An Interview With Allan Sniffen Of “Rewound Radio” – Playing What “Oldies” Stations Use To Play.
Conducted By Gary West @ www.mrpopculture.com and www.mrpophistory.com
Mr. Pop – Allan, you have quite an Internet history, dating back to 1996.
Allan – Yes, that’s when I began a website dedicated to the most popular top-40 radio station of all time, WABC, New York. The inspiration came from another website dedicated to top-40 legend CKLW, Detroit. I was inspired by what I saw and thought, “if CKLW, why not WABC?”
Mr. Pop – And the rest is pop history. You followed that with a site dedicated to rival WMCA, then began a message board dedicated to radio, particularly, New York radio.
Mr. Pop – All inspired by postings from the original NY radio message board.
Allan – That’s correct. Posters came from radio, the industry, the media and beyond.
Mr. Pop – All of these online products come directly from you. You even host your own server, which you maintain and administer. Plus, this is not your day job. It must be a ton of work.
Allan – Hopefully, I’ve gotten a little better at it.
Mr. Pop – You’ve brought a whole lot of people together. It’s been amazing to watch. Now, you’ve added an Internet radio station. That’s a whole different dynamic. What was your inspiration?
Allan – It was a consequence of what I saw happening to “oldies” radio.
Mr. Pop – So, “Rewound Radio” is in the true of spirit of a top-40 oldies station playing the hits of the 1950’s into the 1970’s?
Allan – Yes – and a lot of that has disappeared with the advent of adding 1980’s music. Oldies radio is now called, for the most part, “Classic Hits.” I don’t think that 1980’s music fits well with preceding decades.
Mr. Pop – What exactly has happened to the rock-n-roll oldies station of say, 1985?
Allan – They dropped way-back on the 1950’s, cut back on the 1960’s, increased the 1970’s and put the 1980’s in. You put a 1980’s hit next to a 1960’s hit – and it doesn’t sound right. You can debate good, bad or otherwise. I don’t see the 1980’s music as having the right sound. I understand why they’re doing it – demographics and advertising, but – I’m not a fan. I wanted to create an alternative for those who felt the same say.
Mr. Pop – How many songs in the “Rewound Radio” 1950’s-1970’s rotation?
Allan – About 2500 songs.
Mr. Pop – That’s quite a bit. I remember oldies stations playing as little as 600 to 700 songs in their format. Do you rotate them in and out?
Allan – I’ve added more than I’ve taken out. For example, I don’t play as many summer songs in the winter and winter songs in the summer. Also, I’m trying to get the greatest amount of time before repeating any given song, while keeping the format familiar. That doesn’t sound as easy as you think. For example, you can play a bunch of esoteric songs – familiar to some, but not to others. One of the things about the oldies format is… it has to sound familiar.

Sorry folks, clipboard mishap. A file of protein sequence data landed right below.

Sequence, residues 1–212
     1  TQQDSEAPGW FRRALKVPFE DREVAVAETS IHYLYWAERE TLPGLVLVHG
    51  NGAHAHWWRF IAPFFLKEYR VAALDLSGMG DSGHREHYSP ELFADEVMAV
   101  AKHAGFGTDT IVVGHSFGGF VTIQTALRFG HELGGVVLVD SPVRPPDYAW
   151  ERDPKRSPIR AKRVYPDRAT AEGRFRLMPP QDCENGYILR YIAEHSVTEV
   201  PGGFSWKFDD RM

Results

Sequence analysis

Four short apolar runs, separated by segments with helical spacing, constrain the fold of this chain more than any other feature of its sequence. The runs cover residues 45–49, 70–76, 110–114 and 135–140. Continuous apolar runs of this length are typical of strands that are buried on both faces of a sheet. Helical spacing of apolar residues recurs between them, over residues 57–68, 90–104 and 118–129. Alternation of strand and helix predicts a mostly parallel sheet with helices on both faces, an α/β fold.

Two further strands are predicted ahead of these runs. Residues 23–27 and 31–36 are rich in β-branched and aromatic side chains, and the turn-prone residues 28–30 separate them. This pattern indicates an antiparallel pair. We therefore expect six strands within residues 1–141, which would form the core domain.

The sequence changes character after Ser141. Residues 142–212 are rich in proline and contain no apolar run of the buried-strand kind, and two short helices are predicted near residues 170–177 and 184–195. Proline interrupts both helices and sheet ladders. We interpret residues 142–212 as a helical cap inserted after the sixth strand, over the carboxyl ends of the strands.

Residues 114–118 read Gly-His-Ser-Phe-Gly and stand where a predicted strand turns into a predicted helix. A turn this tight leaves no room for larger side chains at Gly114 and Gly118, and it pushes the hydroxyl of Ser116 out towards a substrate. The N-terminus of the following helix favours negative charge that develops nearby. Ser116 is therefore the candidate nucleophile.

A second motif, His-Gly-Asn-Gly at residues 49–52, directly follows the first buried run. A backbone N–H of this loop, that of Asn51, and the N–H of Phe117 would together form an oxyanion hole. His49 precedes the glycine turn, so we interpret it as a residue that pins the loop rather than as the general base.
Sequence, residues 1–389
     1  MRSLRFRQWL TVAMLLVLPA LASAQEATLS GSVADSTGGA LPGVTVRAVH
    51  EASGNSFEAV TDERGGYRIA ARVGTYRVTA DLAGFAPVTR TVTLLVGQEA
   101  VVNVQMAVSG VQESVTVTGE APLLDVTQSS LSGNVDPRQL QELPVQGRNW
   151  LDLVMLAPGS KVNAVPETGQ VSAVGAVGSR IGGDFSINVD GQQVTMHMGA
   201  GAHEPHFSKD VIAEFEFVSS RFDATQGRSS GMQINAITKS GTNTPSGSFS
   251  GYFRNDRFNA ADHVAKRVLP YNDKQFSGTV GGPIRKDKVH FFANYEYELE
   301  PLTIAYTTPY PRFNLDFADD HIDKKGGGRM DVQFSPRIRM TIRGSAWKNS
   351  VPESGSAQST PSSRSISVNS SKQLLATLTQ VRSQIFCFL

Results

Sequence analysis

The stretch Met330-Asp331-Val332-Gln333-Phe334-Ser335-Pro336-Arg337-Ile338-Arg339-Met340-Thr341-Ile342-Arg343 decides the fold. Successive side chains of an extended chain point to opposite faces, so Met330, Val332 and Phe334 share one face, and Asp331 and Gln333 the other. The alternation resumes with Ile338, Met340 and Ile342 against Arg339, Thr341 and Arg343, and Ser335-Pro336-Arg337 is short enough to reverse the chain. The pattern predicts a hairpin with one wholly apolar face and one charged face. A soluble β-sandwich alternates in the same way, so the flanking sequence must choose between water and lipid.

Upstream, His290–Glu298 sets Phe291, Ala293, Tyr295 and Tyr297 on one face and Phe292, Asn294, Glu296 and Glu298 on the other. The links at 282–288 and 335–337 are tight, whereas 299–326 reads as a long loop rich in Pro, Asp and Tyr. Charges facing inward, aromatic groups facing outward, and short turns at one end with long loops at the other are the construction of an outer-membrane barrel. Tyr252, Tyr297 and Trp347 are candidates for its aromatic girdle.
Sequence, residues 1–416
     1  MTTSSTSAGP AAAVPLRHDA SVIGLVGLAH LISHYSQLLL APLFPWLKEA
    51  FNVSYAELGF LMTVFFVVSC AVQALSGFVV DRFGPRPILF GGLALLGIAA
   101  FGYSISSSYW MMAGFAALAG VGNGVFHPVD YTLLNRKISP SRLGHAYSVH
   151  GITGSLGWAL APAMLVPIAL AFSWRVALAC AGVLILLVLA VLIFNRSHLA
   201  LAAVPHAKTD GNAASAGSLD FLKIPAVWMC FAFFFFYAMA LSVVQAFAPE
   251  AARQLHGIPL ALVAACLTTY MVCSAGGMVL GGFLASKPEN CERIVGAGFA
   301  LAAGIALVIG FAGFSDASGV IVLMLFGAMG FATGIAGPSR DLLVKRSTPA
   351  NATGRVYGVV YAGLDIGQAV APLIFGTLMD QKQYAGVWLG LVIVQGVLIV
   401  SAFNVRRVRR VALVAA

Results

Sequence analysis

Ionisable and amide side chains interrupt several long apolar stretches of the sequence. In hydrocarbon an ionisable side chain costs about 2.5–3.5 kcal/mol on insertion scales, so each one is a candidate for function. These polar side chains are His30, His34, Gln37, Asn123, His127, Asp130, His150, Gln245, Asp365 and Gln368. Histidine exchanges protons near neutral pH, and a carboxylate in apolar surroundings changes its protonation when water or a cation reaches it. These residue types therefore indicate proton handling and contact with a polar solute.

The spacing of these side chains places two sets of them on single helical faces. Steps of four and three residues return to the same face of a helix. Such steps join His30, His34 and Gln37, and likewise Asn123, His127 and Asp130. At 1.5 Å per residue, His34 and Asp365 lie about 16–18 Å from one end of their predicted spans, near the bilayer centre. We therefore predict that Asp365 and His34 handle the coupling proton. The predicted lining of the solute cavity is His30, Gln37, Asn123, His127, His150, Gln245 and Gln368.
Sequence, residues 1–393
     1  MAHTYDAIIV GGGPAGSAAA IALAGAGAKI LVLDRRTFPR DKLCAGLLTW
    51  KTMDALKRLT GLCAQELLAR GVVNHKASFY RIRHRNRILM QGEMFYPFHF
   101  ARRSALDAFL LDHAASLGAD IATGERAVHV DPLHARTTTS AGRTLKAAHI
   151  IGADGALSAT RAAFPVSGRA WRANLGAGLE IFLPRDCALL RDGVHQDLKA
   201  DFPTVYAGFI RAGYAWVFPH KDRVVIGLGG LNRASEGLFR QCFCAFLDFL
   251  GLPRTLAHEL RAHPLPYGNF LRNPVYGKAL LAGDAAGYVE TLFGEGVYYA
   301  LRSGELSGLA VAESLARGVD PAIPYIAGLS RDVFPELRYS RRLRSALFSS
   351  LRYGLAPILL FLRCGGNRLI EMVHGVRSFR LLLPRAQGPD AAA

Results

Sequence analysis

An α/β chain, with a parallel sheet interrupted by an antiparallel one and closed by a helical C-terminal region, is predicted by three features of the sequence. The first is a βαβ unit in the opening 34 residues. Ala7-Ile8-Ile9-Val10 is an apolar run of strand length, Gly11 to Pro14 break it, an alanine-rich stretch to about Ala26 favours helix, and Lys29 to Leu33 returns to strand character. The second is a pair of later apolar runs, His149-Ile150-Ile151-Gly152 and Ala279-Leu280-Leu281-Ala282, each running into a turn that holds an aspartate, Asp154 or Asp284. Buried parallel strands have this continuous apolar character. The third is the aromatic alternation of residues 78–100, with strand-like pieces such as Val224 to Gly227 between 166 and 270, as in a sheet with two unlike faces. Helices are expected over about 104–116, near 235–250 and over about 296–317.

Mr. Pop – So, how often does the average song repeat?
Allan – I have one music category that rotates about every 3 ½ days – and that would be music from the Beatles, Stones, Motown – the most familiar.
Mr. Pop – The main library.
Allan – Yes, then I have a music category which rotates through 5 ½ to 6 days. The thing about Internet radio is – it’s a TSL format.
Mr. Pop – TSL for time spent listening, where you should keep the listener longer.
Allan – That’s correct. You don’t have a lot of people coming and going. What you do have is people turning it on, and leaving it on. When you have a TSL format, you can’t repeat too much. With broadcast radio – there’s more available listeners. Not so for Internet radio, so you have to keep them longer.
Mr. Pop – For anybody considering starting an Internet station, what do they have to do?
Allan – First off, there’s the copyright fees. I pay about $1,500 a year and that comes with a whole lot of paper work. That would go up once you start selling advertising. Paper-wise, the second year wasn’t so bad, because all the research was behind me.
Mr. Pop – Does it take any kind of tech savvy to set-up an Internet radio station?
Allan – Only if you’re going to stream it out with your own equipment. That’s what I’m doing. I have my Shoutcast server – which then sends out my programming to the Internet. So yes, if you do it that way, you’ll need to know a little about Unix and server-side language.
Mr. Pop – What if you’re not into that?
Allan – You can use a service such as “Live365.” They take care of it, but you pay them.
Mr. Pop – What do you use to rotate the music?
Allan – I use something called “Station Playlist.” It plays the music, the jingles, does the crossfading and the audio processing.
Mr. Pop – Nice! There’s nothing worse than hearing something suddenly go louder or softer. Audio processing is important.
Allan – Oh yes – you really need that because mp3’s can be all over the place.
Mr. Pop – So, “Station Playlist” lets you set up your music rotation?
Allan – Yes, it has a programming component called “creator” and that’s where you set up your music categories; where you want the jingles to play and so on.
Mr. Pop – The jingles sound fantastic. They must be the great work of Jonathan Wolfert at JAM in Dallas.
Allan – He did me a terrific favor and gets full credit. I didn’t suggest anything to him and of course, the jingles really add to the sound of “Rewound Radio.”
Mr. Pop – Any oldies radio listener would love “Rewound Radio” and of course, anybody can visit the New York Radio Message Board and its associated boards, any time. Thanks Allan for your time today.